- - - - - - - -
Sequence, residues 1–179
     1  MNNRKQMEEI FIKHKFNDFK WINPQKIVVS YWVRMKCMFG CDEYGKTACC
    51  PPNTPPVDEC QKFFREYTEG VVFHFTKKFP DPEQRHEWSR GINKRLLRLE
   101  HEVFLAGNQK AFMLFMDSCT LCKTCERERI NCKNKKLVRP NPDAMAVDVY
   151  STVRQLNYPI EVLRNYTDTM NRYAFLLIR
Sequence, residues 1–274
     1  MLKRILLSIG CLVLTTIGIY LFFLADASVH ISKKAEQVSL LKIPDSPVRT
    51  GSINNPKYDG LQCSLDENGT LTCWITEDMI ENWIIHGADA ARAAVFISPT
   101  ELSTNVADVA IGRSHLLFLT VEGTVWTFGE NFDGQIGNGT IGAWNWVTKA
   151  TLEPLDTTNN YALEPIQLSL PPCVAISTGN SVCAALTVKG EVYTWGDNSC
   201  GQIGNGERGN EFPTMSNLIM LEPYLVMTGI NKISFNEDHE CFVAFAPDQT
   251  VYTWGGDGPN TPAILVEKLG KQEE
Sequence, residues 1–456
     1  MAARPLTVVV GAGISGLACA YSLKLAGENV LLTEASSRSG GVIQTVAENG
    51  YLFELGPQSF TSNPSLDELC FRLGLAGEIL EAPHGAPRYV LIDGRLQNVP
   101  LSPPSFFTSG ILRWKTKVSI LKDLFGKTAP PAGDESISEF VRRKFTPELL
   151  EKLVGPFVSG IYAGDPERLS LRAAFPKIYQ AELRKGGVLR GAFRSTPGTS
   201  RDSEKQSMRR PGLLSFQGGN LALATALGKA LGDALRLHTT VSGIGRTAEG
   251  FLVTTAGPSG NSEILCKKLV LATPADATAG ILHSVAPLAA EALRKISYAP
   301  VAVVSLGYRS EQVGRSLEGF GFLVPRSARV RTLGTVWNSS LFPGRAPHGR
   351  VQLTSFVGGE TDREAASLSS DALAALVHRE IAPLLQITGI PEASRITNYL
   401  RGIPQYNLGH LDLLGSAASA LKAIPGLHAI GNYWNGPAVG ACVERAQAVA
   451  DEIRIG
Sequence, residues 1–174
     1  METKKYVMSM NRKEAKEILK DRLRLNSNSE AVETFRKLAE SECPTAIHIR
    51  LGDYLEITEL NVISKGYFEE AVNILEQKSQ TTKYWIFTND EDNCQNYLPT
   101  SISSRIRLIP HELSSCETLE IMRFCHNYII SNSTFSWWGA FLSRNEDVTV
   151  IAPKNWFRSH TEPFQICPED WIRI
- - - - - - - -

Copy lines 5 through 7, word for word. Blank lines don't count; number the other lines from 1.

   151  STVRQLNYPI EVLRNYTDTM NRYAFLLIR
Sequence, residues 1–274
     1  MLKRILLSIG CLVLTTIGIY LFFLADASVH ISKKAEQVSL LKIPDSPVRT